Embraer 190 (or ERJ 190-100)
Embraer 195 (or ERJ 190-200)
Air Canada Embraer ERJ 190
Montenegro Airlines Embraer 195 at Tivat Airport
Azul Linhas Aéreas Brasileiras Embraer 190
File:Flybe E-195.JPG
The interior of a Flybe Embraer 195.

The E-190 family is a larger stretch of the E-170 model fitted with a new, larger wing and a new engine, the GE CF34-10E, rated at 18,500 lb (82.30 kN). Being in the 100-seat range, it competes with smaller jets including the Bombardier CRJ-1000, Boeing 717-200 and 737-600 as well as the Airbus A318.

The first flight of the E-190 was in March 2004, with the first flight of the E-195 in December of the same year. The launch customer of the E-190 was New York-based low cost carrier JetBlue with 100 orders and 100 options. European low cost carrier Flybe launched the E-195 with 14 orders and 12 options.[7]

As the 190/195 family is of mainline aircraft size, many airlines will operate them as such, fitting them with a business class section and operating them themselves, instead of having them flown by a commuter airline partner.[citation needed] For example, Air Canada operates 45 E-190 aircraft fitted with 9 business-class and 84 economy-class seats as part of their primary fleet.

Embraer Lineage 1000

Main article: Embraer Lineage 1000

On 2 May 2006 Embraer announced plans for the business jet variant of the E-190. This would have the same structure as the E-190, but with an extended range of up to 4,200 nm, and luxury seating for up to 19. The Argentinian Air Force ordered one for VIP purposes.


Main article: List of Embraer E-Jets operators

Airnorth's first E170
LOT Polish Airlines E-170
A Solomon Airlines E170 at Sydney Airport


Measurement E-170
Flight Deck Crew Two
Passenger Capacity (Single Class) 80 88 110 122
Length 29.90 m
(98 ft 1 in)
31.68 m (103 ft 11 in) 36.24 m (118 ft 11 in) 38.65 m
(126 ft 10 in)
Wingspan 26.00 m (85 ft 4 in) 28.72 m (94 ft 3 in)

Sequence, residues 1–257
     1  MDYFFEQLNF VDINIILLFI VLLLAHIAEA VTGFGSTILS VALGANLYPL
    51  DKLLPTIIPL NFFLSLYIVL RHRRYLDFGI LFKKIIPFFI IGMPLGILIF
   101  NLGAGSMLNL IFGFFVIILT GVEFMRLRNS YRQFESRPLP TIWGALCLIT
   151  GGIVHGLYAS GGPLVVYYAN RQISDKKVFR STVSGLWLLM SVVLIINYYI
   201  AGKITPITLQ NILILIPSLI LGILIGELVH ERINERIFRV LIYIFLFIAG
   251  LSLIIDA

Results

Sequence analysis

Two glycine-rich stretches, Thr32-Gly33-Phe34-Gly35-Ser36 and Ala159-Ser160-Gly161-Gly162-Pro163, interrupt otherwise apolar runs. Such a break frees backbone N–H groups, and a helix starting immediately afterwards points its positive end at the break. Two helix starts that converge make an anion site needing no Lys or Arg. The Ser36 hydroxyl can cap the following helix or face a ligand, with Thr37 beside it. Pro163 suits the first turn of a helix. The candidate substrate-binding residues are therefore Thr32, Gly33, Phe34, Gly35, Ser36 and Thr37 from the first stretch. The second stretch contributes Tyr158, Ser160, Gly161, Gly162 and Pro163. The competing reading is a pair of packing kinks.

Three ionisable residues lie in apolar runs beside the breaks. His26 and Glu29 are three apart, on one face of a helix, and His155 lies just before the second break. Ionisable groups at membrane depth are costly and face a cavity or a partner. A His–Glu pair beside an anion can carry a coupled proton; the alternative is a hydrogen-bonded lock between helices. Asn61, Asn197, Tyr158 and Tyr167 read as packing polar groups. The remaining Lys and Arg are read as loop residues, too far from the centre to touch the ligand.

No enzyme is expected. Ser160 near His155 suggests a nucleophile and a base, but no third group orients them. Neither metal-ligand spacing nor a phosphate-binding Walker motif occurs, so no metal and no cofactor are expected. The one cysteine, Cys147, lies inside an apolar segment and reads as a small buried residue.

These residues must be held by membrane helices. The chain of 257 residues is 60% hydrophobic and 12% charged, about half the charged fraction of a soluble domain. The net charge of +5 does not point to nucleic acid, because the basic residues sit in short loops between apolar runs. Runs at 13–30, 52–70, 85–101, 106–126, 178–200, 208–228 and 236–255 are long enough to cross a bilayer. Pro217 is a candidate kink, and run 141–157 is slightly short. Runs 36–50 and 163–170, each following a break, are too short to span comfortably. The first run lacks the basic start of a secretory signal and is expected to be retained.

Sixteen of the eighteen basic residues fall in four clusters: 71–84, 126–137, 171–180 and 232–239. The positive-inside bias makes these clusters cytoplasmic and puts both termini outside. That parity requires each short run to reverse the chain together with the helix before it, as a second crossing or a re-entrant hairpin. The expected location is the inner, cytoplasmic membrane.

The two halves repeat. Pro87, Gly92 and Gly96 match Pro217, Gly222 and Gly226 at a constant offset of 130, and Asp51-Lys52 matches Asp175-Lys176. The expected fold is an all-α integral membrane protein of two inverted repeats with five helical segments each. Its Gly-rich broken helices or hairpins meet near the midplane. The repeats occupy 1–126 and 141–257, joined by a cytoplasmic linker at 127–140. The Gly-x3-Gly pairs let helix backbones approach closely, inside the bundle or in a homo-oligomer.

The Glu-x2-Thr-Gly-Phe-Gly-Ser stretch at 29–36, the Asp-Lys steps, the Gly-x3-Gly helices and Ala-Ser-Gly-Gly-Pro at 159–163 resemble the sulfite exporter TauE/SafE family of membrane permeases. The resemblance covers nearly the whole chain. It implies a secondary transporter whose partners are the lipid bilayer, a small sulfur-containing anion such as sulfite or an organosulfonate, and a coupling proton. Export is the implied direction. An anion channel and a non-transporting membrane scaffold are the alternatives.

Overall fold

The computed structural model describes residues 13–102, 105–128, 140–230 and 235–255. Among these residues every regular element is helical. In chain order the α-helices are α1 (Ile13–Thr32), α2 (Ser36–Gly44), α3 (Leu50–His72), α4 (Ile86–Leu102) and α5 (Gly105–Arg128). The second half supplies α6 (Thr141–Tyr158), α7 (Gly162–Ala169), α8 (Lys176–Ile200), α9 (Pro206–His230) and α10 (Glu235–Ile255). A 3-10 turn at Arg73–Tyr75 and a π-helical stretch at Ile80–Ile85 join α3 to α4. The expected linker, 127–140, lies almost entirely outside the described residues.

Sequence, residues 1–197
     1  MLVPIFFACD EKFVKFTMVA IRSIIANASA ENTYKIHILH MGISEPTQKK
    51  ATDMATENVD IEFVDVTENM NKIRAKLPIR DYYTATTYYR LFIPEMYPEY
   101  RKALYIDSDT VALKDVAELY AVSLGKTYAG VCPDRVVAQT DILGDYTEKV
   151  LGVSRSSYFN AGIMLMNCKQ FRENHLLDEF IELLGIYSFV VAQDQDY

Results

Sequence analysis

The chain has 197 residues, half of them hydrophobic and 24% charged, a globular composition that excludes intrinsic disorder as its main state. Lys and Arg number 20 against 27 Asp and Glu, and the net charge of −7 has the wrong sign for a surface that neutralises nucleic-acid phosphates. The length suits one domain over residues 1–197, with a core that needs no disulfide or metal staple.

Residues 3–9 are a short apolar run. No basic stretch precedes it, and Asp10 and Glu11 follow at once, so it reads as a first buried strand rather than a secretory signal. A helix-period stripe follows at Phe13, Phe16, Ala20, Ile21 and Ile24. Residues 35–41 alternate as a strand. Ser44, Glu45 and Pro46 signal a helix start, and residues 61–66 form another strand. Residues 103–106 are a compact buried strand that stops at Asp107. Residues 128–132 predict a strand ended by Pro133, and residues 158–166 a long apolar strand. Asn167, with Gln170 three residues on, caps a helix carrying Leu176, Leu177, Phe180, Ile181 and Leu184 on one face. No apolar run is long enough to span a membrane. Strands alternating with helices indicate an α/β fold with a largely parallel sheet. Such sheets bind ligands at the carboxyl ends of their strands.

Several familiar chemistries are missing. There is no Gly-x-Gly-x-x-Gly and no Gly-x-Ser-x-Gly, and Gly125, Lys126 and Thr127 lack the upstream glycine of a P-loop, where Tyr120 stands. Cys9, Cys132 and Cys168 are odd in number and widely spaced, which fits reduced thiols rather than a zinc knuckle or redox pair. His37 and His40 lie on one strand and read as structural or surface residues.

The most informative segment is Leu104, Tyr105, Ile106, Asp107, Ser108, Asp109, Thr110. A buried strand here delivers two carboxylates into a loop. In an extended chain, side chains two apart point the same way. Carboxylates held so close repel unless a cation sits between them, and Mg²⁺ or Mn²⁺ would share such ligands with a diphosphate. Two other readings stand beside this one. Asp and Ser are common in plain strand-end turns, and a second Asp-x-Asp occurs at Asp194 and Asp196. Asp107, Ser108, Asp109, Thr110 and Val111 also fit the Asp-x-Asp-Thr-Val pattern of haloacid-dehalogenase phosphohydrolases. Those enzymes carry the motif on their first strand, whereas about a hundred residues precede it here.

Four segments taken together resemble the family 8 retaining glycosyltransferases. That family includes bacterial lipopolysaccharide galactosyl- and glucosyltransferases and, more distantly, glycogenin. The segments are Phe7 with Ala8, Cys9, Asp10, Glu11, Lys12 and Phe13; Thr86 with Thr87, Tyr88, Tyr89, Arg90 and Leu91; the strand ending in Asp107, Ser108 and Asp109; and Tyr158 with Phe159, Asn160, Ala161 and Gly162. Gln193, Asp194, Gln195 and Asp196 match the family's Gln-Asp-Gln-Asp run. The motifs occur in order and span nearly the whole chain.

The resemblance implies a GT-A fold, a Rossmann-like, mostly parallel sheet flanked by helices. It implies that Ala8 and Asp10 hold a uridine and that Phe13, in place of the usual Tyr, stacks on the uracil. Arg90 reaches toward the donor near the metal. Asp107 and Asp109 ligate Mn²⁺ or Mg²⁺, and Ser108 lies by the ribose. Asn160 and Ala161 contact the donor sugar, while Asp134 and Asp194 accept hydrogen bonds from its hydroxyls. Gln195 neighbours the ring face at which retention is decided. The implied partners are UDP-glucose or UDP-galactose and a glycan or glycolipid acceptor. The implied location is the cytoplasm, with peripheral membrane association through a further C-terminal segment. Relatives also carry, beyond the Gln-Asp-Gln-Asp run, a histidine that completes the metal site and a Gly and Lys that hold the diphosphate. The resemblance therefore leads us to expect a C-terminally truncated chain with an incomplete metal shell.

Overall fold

Height 9.67 m
(32 ft 4 in)
10.28 m
(34 ft 7 in)
Empty Weight (kg) 21,140 21,810 28,080 28,970
Maximum takeoff (kg) 35,990 (STD)
37,200 (LR)
37,500 (STD)
38,790 (LR)
47,790 (STD)
50,300 (LR)
51,800 (IGW)
48,790 (STD)
50,790 (LR)
52,290 (IGW)
Takeoff Run at MTOW 2,044 m (6,700 ft)
Powerplants GE CF34-8E turbofans
62.3 kN (13,800 lbf) thrust each
GE CF34-10E turbofans
82.3 kN (18,500 lbf) thrust each
Maximum speed 890 km/h (481 kn, Mach 0.82)
Range 3,334 km (STD)
3,889 km (LR)
3,892 km (AR)
3,334 km (STD)
3,889 km (LR)
3,706 km (AR)
3,334 km (STD)
4,260 km (LR)
4,448 km (AR)
2,593 km (STD)
3,334 km (LR)
4,077 km (AR)
Service ceiling 41,000 ft (12,500 m)
Rate of climb Max 3,500 FPM
Wing loading (Unknown)
Thrust-to-weight 0.42:1 0.39:1 0.41:1 0.39:1
Fuselage and cabin cross-section
Outer width 3.01 m (9 ft 11 in)
Inside width 2.74 m (9 ft 0 in)
Outer height 3.35 m (11 ft 0 in)
Inside height 2.00 m (6 ft 7 in)


See also

Related development

Aircraft of comparable role, configuration, and era

Related lists


  1. ^ a b "Embraer in Numbers". Embraer. 2009-05-12. Retrieved 2009-05-12.
  2. ^ Aviation Week & Space Technology, 29 October 2007 issue, p. 66.
  3. ^ "Embraer 170/175/190/195 Aircraft Data". Airliners.net. Retrieved 2006-07-17.
  4. ^ "Photos: Embraer ERJ-170-200LR 175LR Aircraft Pictures". Airliners.net. Retrieved 2009-09-04. ((cite web)): Text "Airliners.net" ignored (help)
  5. ^ Embraer ERJ-170
  6. ^ "JetBlue orders 100 Embraer 190 Aircraft" (Press release). JetBlue. 2003-06-10. Retrieved 2006-07-17.
  7. ^ Flybe (2007). "About our fleet". Retrieved 2008-05-23.
  8. ^ a b LOT Polish Airlines (undated). "Fleet". Retrieved 2009-07-23. ((cite web)): Check date values in: |year= (help)
  9. ^ a b c d Flight International, 3-9 October 2006
  10. ^ Embraer E-jet cross section, accessed Oct 23, 2006